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February 05, 1978 - Image 14

Resource type:
Michigan Daily, 1978-02-05
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Page 4-Sunday, February 5, 1978-The Michigan Daily

The Michigan Daily--Sunday,



Your radar
range is out
to get you

By Stephen Selbst


By Paul Brodeur
W. W. Norton and Co.: New York
T HOUSANDS OF people who use the
University Library system each
day may be encountering a health
hazard capable of affecting their be-
havior and inducing cancer. The threat
comes from microwaves, high-
frequency electromagnetic radiation
that can penetrate human bodies and
cause a spectrum of health problems.
Library patrons are likely being
irradiated-or zapped, as it is
called-by the display screens of the
microfiche system, which have been
found in other locations to leak small
but significant levels of radiation, and
are suspected to have caused cataracts
in workers who used them daily.
That example illustrates how abun-
dant microwaves are in an urban en-
vironment; they're literally
everywhere, from the radio-television
transmitters found in most cities tothe
microwave ovens in homes and
Paul Brodeur, a staff writer for The
New Yorker, has written a book entitled
The Zapping of America, which
describes the public health dangers of
microwaves and advances his theory as
to why the public isn't alarmed at being
exposed to this hazard.
Although microwaves have a variety
of domestic uses, Brodeur argues, by
far the largest user of microwave
technology is the military, whose entire
communications and radar network
employs microwave devices. Brodeur
argues that the radiation leakage stan-
dard used by the military is unsafe, but
because the military has such vast
sums invested in microwave equipment
it is unwilling to replace that equipment.
Moreover, he writes, the cost ofnaking
existing communication systems safe is
high enough that the military wants to
continue using equipment that is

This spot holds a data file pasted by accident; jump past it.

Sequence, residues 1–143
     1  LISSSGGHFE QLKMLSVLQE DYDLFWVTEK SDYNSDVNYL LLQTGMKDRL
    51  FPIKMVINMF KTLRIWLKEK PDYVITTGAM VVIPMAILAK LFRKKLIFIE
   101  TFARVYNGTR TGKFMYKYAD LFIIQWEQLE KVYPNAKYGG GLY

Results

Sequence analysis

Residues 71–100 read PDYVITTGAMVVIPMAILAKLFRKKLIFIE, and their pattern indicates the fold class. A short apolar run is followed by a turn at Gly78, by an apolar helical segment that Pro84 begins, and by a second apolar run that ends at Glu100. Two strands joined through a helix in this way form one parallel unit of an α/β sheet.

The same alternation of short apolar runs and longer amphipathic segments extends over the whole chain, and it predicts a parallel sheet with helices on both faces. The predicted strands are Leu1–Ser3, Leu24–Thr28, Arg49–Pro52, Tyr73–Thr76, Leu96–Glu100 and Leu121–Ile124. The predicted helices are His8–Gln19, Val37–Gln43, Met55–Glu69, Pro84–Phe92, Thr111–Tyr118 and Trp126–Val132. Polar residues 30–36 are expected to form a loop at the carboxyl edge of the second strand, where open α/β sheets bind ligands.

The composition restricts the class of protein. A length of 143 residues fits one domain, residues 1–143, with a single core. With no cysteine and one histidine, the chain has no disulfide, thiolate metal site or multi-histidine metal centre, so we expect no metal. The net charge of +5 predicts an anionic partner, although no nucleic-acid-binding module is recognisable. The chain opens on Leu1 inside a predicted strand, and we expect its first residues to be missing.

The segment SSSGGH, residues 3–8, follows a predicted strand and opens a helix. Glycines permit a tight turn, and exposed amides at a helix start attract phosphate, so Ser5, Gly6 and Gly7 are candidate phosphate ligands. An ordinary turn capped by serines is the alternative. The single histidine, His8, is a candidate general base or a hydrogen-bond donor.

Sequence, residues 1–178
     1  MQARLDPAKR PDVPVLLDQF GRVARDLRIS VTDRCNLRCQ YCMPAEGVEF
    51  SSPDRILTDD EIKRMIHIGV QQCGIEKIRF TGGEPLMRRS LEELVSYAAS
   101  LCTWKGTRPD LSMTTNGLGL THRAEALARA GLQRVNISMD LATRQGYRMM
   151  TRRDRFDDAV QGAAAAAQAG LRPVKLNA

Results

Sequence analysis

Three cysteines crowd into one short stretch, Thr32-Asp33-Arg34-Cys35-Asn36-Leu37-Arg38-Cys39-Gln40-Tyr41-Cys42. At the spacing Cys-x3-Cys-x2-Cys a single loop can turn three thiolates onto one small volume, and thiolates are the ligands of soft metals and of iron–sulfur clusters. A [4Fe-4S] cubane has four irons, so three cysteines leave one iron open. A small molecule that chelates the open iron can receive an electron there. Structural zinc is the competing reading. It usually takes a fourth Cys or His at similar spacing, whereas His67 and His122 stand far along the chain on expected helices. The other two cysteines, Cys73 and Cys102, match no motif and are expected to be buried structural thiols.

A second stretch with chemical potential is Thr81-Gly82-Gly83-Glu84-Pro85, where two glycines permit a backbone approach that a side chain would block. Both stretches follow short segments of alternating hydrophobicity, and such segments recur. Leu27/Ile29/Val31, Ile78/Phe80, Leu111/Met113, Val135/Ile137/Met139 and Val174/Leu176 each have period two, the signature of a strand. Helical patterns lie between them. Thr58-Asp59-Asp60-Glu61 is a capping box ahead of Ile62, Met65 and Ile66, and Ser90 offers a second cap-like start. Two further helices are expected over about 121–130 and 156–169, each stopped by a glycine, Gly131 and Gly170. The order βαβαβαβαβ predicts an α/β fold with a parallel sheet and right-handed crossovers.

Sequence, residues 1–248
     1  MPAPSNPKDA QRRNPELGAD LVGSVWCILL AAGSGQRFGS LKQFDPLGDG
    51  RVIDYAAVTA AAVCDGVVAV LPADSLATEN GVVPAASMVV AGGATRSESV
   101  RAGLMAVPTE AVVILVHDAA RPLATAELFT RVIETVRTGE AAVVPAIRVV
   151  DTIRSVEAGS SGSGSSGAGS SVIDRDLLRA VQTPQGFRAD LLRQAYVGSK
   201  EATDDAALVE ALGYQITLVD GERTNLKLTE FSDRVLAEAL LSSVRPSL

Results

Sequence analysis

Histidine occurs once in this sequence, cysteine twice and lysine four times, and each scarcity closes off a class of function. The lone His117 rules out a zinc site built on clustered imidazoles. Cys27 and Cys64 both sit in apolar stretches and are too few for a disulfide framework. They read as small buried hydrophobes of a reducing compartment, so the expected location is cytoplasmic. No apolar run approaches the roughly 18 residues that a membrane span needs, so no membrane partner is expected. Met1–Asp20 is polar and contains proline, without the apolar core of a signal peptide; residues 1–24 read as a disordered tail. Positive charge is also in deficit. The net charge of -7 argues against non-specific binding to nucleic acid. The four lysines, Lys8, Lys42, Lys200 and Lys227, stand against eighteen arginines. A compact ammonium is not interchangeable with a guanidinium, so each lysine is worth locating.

demonstrably unsafe. For that reason,
Brodeur concludes, the military has
systematically tried to suppress infor-
mation about the true dangers of
microwave radiation, in the process
ignoring an accumulating base of scien-
tific data that indicates microwaves
are capable of causing chromosomal
damage, cancer, sterility, cataracts,.
and a host of emotional disorders.
Stephen Selbst, a former Daily
editor, is a first-year University law

Brodeur's anger is honest, but in the
long run it gets in the way of his book,
and I think it also distorts his con-
clusion. In the book Brodeur isn't con-
tent to merely present the data for his
audience and let readers draw the
inescapable conclusions. His style is
almost prosecutorial; it fairly screams
"See, see, see, this proves what I've
been saying."
Granting him the legitimacy of his
anger, it's still an annoying stylistic
device. Brodeur has done an admirable
job of marshalling data to support his
conclusion; the evidence is sufficently
self-explanatory that his annotations
are unnecessary.
I THINK Brodeur's anger made him
see a conspiracy where none exists.
Brodeur reached the answer to the
question of why the military doesn't
want to use safe equipment; it's simply
economics. It would cost too much
money, such enormous amounts of
money that the Defense Department
would be faced with the choice of
scrapping its communication system or
finding an alternative to it. As far as
suppressing data goes, Brodeur does
show that the military has cancelled
and interfered with studies in this,
country on the effects of radar and
other defense-related communication
systems using microwaves, but there's
a significant literature .in this country

understood as trying to exonerate the
defense community. It's hard to ignore
the conclusion that the government has
tried hard to obfuscate the facts con-
cerning its own microwave operations,
but to say it has tried to quash other
scientific inquiries seems to be
Brodeur's book begins with a section
I found particularly well-written and in-
teresting. In it he describes briefly the

CRMATCHED INTO THE painted steel frame of
the front door, the words "to hell with this"
provide a striking contrast to the carefully
painted mural in an adjacent vestibule of a
boy stretching up to a mountain range. Taken
together, the graffiti and the artwork hint at the suc-
cesses and failures of Community High, the city's
alternative secondary school.
Wedged into a generation driven by the relentless
drum of convention, Community students retain a
warmth, a spontaneity and a questioning spirit that